On our second day we take it easy again. Our flight will depart at 11:10pm. We check out about five minutes before the midday cut off. The monorail takes us to the NU Sentral Mall where we watch Shut In at the Gold Screen Cinema. That makes for movies in three days. 

We’re both traveled out so eat McDonald’s for lunch before catching the bus to the airport where we laze in the movie lounge until our flight. 

Here’s some random photos from our last two days in Kuala Lumpur. 

It’s been an awesome trip. We’re ready for home but are looking forward to our Holland and Belgium trip at Christmas, just five weeks away. 

Phnom Penh to Kuala Lumpur (Malaysia)

The tuk tuk driver rouses himself from his slumber. It’s the slightly rude man who took us to the market last night. He’s probably just worn down from his labours in a hot and hectic city. To him we’re probably rich foreigners who sleep in a bed rather than a hammock strung across a tuk tuk. We’re not a prospect for repeat business so he doesn’t have to care. It’s understandable but still unpleasant. I resent having to pay him at the end of my ride. If he’d been friendly I would have given him the last of my Riel as a tip (about $US1.50 on top of a $US7 fare). But I don’t. I take them home because I cannot bring myself to encourage his approach. 

The streets of Phnom Penh are now less alien than when we arrived. I no longer feel as anxious as I did just twelve days ago. I had read so much bad press about Cambodia and its people. So much that turned out to be so untrue. Our bag was not snatched. Our pockets were not picked. Our belongings were not stolen from our guesthouse rooms (we didn’t stay in dives though – we paid $12-$25 per night for places with excellent reviews). I don’t know why I read up so much. Usually I don’t. Perhaps I’d lost my touch being back on our large island continent for ten months. I wish I hadn’t and I won’t in future.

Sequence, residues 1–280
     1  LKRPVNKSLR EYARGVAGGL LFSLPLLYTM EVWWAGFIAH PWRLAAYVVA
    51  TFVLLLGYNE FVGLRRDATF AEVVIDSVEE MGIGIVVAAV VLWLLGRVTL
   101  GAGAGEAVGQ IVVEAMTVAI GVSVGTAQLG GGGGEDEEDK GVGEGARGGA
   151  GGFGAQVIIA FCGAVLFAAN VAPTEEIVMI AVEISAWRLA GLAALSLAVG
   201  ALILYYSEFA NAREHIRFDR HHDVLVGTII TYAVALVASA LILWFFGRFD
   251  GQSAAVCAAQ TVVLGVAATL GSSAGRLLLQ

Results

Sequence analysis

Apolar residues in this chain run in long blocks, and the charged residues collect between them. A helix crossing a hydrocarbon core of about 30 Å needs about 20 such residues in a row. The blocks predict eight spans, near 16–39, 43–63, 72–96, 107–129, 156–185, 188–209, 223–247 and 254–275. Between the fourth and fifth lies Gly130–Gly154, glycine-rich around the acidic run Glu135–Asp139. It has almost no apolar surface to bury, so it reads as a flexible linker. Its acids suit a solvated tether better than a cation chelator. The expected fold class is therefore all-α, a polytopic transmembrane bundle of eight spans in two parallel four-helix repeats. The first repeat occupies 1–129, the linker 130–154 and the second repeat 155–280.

We experience the last of our Cambodian snow. That’s what Tony called the dust kicked up by traffic on the gravel roads outside Battambang. Next time I see snow I hope it’s the real stuff in Belgium or Holland at Christmas.

Airport officials make us reprint our boarding passes. Ours have bar codes but don’t look like the airline ones. Flexibility will take a little while to ease into officialdom here. 

It’s a short flight to Kuala Lumpur. Forty minutes over Cambodia, forty minutes over the sea and forty minutes over Peninsular Malaysia. Our captain plays tour guide. He clearly loves his job and it passes the time for us. 

We’re both quite tired and have both picked up stomach bugs in Kampong Chhnang. So we have a lazy afternoon in our room then catch a movie.

We eat at a local restaurant.

And have a short walk around our hotel before calling it a night. 

Kampong Chhnang to Phnom Penh (Cambodia)

Sitting behind the driver is no place for the feint of heart. So it’s a good thing that Paul and I long ago relinquished our Western sensibilities and accepted the realities of travel. We rattle and bounce down a road built for lighter loads and slower speeds. Overtaking means hurtling headlong into oncoming traffic at breakneck speed. It’s just now it’s done here. As a passenger you just hold on an watch the world approach.

Arriving in Phnom Penh is a shock to the senses. It’s loud, dirty, busy and obnoxious after our ten days in quieter towns. I can only imagine what a shock it would be to young men and women who have left a farming community in search of big city fortune. Dust fills the air. Horns blast. Rubbish litters the ground. Advertising signs visually holler. It’s no better or worse than other global capitals. It’s just that here the contrast between the rest of the country and its capital city is so stark.

The bus station is tucked into the centre of the city. How the bus driver gets us there without squashing smaller road users is a mystery to me. The bus station is everything I imagined it to be. There’s more people waiting than seats available. It’s exposed to the elements and city grime so I feel for the German couple who will wait five hours for their connection for travel to the beach. Tuk tuk and moto drivers swarm us as we step off the bus. They don’t believe we want to walk. It’s their daily battle to make money for food. I don’t ever begrudge them this. It’s just that it’s tiring after a while.